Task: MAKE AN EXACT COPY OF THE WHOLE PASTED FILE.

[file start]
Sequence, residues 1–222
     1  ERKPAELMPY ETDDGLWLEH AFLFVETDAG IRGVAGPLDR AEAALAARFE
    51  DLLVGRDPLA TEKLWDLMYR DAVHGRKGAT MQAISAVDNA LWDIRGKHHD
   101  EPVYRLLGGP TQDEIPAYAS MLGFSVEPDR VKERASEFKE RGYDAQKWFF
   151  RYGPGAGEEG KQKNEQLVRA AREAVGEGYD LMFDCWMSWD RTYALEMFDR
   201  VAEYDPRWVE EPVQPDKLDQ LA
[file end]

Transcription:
Sequence, residues 1–222
     1  ERKPAELMPY ETDDGLWLEH AFLFVETDAG IRGVAGPLDR AEAALAARFE
    51  DLLVGRDPLA TEKLWDLMYR DAVHGRKGAT MQAISAVDNA LWDIRGKHHD
   101  EPVYRLLGGP TQDEIPAYAS MLGFSVEPDR VKERASEFKE RGYDAQKWFF
   151  RYGPGAGEEG KQKNEQLVRA AREAVGEGYD LMFDCWMSWD RTYALEMFDR
   201  VAEYDPRWVE EPVQPDKLDQ LA